10 Myths About
Special Needs Trusts
Myth: A special needs trust is only for wealthy families.
Fact: A special needs trust can (and probably should) be established by families of all income and resource levels.
Myth: A special needs trust is only for children with severe disabilities.
Fact: A special needs trust can be established for individuals of all ages with a wide range of disabilities and needs.
Myth: A special needs trust is only necessary if the individual with a disability receives government benefits.
Fact: Even if the individual with a disability does not currently receive government benefits, a special needs trust can be useful to protect their future eligibility.
Myth: A special needs trust is the same as a regular trust.
Fact: A special needs trust is designed specifically to protect the eligibility of an individual with a disability for government benefits, while a regular trust does not have this specific purpose.
Myth: A special needs trust is only useful for managing government benefits.
Fact: A special needs trust can also be used to manage other types of assets and provide for the needs of the individual with a disability.
Myth: The trustee of a special needs trust has complete control over the funds.
Fact: The trustee of a special needs trust has a fiduciary duty to act in the best interests of the individual with a disability and must follow the terms of the trust.
Myth: A special needs trust is only useful for individuals with developmental disabilities.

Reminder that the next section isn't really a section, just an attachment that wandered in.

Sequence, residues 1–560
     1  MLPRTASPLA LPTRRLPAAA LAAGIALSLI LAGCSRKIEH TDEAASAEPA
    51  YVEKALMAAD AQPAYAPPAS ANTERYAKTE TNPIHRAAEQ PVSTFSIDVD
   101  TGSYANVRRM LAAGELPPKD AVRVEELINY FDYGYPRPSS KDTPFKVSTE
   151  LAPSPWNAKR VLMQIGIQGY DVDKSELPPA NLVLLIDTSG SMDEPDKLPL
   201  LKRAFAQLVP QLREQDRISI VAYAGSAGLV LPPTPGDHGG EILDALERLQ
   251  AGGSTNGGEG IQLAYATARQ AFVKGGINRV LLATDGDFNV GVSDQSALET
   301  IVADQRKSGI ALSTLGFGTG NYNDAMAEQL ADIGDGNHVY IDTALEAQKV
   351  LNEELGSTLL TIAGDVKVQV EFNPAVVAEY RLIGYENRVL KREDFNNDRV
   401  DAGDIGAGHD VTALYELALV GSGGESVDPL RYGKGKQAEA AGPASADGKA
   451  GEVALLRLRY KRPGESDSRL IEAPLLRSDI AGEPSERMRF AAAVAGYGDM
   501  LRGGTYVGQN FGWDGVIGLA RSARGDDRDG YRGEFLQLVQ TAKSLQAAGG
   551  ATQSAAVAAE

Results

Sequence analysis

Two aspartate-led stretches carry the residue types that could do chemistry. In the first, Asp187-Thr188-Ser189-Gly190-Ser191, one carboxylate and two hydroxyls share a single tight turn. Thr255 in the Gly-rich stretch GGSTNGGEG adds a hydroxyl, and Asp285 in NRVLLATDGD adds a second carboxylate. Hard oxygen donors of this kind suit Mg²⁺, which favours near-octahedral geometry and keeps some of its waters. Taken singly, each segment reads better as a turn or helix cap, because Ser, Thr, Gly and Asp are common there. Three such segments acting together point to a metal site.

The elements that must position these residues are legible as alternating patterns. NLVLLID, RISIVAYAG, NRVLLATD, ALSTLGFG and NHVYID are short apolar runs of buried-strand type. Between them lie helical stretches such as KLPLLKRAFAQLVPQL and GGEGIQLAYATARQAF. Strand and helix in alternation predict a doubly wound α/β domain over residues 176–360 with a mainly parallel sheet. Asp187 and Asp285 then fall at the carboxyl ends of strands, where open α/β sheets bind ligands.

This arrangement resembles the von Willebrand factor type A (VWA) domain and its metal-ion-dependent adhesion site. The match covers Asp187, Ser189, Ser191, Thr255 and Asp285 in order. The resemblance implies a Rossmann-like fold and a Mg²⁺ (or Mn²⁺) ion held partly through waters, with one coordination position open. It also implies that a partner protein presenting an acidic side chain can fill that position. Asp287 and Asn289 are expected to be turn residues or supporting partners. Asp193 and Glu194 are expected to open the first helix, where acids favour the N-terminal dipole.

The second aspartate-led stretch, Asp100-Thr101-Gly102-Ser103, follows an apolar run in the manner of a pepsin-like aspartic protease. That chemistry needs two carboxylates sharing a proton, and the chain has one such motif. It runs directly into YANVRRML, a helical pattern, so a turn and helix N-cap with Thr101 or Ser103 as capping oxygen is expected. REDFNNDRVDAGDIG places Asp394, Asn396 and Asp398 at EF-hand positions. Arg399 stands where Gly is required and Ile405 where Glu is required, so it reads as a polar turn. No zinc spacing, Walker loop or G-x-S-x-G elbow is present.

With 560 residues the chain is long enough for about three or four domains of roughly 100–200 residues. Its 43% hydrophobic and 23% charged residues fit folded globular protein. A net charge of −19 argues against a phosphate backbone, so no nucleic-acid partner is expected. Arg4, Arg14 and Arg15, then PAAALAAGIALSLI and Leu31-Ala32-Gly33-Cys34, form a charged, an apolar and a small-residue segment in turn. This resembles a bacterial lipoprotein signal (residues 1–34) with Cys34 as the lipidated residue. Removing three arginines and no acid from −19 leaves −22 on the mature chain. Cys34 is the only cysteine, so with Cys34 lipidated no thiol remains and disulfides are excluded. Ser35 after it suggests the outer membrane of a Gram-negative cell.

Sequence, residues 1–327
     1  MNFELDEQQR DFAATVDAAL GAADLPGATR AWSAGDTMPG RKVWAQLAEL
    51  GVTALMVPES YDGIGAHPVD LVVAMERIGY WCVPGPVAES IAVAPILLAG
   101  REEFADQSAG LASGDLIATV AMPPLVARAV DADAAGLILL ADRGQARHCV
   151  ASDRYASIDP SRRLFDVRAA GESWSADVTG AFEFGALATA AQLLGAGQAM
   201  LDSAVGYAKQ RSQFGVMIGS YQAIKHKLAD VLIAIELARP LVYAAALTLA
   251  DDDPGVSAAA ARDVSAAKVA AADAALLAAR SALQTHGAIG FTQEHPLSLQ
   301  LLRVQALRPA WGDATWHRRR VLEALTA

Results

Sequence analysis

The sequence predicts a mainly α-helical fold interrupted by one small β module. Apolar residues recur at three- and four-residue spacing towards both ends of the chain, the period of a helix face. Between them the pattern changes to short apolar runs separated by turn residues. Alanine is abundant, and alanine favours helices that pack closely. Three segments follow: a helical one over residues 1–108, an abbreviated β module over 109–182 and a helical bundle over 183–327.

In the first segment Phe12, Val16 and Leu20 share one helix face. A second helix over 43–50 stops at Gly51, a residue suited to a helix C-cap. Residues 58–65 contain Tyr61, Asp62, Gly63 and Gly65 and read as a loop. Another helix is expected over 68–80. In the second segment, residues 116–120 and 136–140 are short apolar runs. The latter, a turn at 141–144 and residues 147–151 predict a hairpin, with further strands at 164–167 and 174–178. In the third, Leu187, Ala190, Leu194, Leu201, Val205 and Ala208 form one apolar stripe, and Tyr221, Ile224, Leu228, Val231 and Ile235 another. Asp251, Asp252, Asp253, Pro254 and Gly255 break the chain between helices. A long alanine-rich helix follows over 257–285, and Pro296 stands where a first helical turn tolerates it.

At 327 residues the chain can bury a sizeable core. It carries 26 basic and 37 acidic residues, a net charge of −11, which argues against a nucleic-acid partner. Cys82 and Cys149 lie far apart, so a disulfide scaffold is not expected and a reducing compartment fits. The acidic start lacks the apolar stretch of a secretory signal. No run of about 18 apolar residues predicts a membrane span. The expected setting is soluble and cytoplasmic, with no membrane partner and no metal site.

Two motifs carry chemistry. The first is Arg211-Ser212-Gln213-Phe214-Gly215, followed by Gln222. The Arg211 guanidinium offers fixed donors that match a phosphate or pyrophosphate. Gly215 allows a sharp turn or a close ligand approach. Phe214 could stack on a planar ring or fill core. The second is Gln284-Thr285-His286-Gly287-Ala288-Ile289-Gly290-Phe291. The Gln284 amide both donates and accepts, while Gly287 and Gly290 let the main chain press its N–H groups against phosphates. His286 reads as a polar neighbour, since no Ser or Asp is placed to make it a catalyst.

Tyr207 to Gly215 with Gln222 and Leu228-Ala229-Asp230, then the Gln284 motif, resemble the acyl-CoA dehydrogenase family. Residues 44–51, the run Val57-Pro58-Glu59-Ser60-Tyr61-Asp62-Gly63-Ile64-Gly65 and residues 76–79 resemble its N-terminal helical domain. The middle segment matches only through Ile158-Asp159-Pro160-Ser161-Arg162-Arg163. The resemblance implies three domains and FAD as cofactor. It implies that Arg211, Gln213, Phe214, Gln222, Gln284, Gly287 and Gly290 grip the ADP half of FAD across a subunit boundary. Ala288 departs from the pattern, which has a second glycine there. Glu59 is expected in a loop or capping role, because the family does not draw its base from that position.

Fact: A special needs trust can be useful for individuals with a wide range of disabilities, including physical disabilities, mental health conditions, and chronic illnesses.
Myth: A special needs trust is expensive to set up and maintain.
Fact: While there may be some costs associated with establishing and maintaining a special needs trust, there are also many resources available to families to help them navigate the process.
Myth: A special needs trust is unnecessary if the family has a will or other estate planning documents.
Fact: A special needs trust provides specific protections and benefits that may not be provided by a will or other estate planning documents.
Myth: Disinheritance is a better alternative than a special needs trust.
Fact: Special needs trusts are safe and secure to plan for your loved one. Disinheritance is uncessary.
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Emily R. Taylor is an attorney licensed by the State Bar of Arizona. Emily Taylor practices in the areas of Special Needs Planning, Guardianships (and its alternatives), Estate Planning, and Special Needs Trusts. The office of Emily R. Taylor, Attorney PLLC is located in Phoenix, Arizona. Emily Taylor is available to consult on legal matters throughout the state of Arizona.
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